The laser light source 9 shown in FIG. 1 for position alignment is an optical unit which is constructed to emit the coherent alignment light 10 including components of frequencies f1 and f2, each component being polarized orthogonally with each other, as shown in FIG. 5. In this embodiment, a Zeeman laser is used which produces two frequency components, each component orthogonally polarized by application of a magnetic field to the laser tube. As an alternative, a light modulator using a unidirectionally propagating ultrasonic wave may be used for such an optical unit. There is also an optical unit for generating two frequency components by Doppler shifting the frequency of the laser light with a rotating diffraction grating. Generally, the frequency difference between two frequencies f1 and f2 is from tens kHz to tens MHz.

The alignment, light 10 emitted form the laser light source 9 is split into frequency components f1 and f2 by the polarizing beam splitter 12 in the beam splitting optical system 11 and then the frequency component f1 of linearly polarized light is circularly-polarized by the wave plate 13. Likewise, the frequency component f2 of linearly polarized light is circularly-polarized by the wave plate 13'. For the beam splitting optical system 11, a Wollaston prism utilizing double refraction can be used other than the polarizing beam splitter 12 utilizing dielectric multilayer. The frequency components f1 and f2 are circularly-polarized because the linearly polarized light is subjected to intensity change by multi-reflection, so that there is little noise margin of alignment signal intensity if linearly polarized light would be used for aligning of the wafer 2.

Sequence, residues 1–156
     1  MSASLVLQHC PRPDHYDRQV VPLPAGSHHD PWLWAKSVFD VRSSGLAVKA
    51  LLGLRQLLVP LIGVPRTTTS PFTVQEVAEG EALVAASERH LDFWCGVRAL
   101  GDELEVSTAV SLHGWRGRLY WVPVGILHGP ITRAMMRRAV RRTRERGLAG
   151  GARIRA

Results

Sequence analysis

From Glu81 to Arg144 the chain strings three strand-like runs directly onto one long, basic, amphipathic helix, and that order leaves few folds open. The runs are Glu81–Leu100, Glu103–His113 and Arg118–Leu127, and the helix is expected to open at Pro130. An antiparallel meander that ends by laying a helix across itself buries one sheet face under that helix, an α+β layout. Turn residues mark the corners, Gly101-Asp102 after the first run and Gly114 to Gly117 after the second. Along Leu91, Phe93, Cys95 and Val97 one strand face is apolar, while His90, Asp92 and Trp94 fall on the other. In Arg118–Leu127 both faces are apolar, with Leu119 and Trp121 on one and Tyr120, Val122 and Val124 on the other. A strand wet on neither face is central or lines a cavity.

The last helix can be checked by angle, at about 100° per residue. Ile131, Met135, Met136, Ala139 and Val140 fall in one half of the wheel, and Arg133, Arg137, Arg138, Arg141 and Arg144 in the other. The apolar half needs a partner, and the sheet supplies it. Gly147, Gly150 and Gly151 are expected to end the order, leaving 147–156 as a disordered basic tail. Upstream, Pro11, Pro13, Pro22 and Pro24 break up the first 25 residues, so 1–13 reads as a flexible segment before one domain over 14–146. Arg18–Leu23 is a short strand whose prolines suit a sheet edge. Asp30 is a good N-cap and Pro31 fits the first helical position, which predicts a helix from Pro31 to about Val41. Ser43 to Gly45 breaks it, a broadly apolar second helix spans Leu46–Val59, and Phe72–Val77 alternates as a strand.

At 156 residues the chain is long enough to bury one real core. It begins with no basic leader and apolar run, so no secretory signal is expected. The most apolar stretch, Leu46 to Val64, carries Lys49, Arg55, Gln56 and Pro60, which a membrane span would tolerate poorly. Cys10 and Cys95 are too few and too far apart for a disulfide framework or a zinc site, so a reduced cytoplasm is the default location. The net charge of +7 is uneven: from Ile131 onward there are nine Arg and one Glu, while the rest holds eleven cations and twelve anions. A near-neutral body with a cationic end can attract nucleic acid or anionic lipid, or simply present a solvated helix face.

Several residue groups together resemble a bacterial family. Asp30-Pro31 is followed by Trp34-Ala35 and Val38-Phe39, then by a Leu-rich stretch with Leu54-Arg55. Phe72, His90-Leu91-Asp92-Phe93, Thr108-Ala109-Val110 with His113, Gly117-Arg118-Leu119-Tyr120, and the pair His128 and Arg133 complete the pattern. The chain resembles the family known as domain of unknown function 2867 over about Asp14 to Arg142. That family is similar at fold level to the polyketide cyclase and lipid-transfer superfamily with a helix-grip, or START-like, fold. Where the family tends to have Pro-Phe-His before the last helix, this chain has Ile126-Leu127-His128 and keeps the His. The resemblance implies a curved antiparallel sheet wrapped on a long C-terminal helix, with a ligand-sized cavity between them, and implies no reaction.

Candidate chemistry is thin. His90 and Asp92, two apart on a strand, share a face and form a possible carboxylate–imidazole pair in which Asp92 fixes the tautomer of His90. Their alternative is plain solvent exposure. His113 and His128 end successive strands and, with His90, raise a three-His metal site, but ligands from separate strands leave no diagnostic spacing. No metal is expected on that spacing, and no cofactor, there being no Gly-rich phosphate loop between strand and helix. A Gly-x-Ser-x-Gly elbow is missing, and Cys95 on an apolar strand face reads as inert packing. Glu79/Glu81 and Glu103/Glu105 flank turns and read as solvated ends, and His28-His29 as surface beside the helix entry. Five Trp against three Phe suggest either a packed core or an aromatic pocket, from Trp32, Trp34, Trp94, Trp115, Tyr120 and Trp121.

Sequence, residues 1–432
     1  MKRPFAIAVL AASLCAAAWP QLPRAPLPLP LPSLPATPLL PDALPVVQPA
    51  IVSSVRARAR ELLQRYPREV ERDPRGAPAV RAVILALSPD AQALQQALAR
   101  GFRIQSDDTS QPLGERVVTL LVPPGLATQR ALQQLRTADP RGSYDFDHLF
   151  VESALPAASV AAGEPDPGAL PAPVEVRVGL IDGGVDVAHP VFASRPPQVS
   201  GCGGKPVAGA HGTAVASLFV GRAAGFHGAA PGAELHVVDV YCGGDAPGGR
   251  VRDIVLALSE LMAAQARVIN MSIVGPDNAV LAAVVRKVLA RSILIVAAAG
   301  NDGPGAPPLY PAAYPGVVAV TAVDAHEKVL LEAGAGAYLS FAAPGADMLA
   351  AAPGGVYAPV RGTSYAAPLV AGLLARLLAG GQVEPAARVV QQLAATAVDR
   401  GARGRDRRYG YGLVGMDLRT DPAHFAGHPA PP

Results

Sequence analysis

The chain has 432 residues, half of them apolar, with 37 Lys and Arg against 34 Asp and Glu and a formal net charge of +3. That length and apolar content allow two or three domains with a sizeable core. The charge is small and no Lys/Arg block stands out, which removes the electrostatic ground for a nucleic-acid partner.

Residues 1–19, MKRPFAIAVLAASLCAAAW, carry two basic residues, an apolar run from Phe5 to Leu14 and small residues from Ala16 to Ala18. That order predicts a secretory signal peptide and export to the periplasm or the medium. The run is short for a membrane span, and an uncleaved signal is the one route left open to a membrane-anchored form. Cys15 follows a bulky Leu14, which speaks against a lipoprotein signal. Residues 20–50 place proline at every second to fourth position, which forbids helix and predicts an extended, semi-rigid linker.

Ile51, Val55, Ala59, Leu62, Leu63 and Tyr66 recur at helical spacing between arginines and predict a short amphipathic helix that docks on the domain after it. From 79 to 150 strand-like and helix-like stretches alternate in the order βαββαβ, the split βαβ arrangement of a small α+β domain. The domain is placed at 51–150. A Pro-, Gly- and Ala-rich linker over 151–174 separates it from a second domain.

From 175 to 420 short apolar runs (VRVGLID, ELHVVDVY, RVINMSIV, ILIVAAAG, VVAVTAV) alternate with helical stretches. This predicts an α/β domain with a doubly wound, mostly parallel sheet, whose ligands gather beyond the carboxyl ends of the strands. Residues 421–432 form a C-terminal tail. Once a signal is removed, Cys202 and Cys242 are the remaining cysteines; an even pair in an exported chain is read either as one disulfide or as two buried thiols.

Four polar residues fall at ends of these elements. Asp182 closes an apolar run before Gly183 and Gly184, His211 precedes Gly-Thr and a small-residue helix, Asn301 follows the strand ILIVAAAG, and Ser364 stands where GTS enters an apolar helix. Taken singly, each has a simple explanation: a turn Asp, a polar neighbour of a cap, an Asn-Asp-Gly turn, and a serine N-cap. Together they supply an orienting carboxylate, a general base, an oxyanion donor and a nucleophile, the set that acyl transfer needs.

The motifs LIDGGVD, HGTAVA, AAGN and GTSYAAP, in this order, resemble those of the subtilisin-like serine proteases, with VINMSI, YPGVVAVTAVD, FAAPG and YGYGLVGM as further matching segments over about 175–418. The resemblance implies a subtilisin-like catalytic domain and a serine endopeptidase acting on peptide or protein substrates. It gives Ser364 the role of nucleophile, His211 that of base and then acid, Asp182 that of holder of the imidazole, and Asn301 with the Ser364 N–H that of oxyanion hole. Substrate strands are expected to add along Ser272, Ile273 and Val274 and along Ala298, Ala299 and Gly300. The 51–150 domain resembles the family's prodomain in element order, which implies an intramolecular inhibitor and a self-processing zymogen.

The frequency component f1 (i.e., a first beam) of the alignment light 10 which is transmitted through the polarized beam splitter 12 is reflected by a mirror 60 in a perpendicular direction toward the mirror 15 of the combining optical system 14. On the other hand, the frequency component f2 (i.e., a second beam) of the alignment light 10 which is reflected by the polarized beam splitter 12 projects directly on the mirror 15' of the combining optical system 14. With the mirror 60 thus provided, an image converting condition of the first beam and an image converting condition of the second beam match with each other as being erect images. The mirror 60 may be disposed between the mirror 15' and the mirror 17 in which instance the first and second beams have an identical image aspect (image converting condition) comprising inverted images. With this matching of the image converting condition, images formed by the first and second beams projected on the reticle 1 can be accurately superposed with each other without involving an geometric error relative to the images of the first and second beams before they are split from the alignment light 10 by the polarized beam splitter 12. As a result, the accuracy of a light signal produced is high.

The alignment light 10 with f1 and f2 components of an identical image aspect is reflected by the mirrors 15 and 15' of the combining optical system 14 and is projected onto the position alignment blank 5 on the reticle 1 with these components interfered by the mirror 17. The mirrors 15 and 15' in the combining optical system 14 can be replaced with a prism, etc., utilizing total reflection. The frequency components f1 and f2 of the alignment light 10 are mixed with each other on the position alignment blank 5 and interfered with each other to produce interference fringes 19 (FIG. 2). Pitch of the interference fringes 19 is adjusted to about 8 μm by adjusting the reflection angle of the mirrors 15 and 15' with the fine adjustment mechanisms 16 and 16'. This pitch of the interference fringes 19 can be adjusted within several percent for the reasons described later.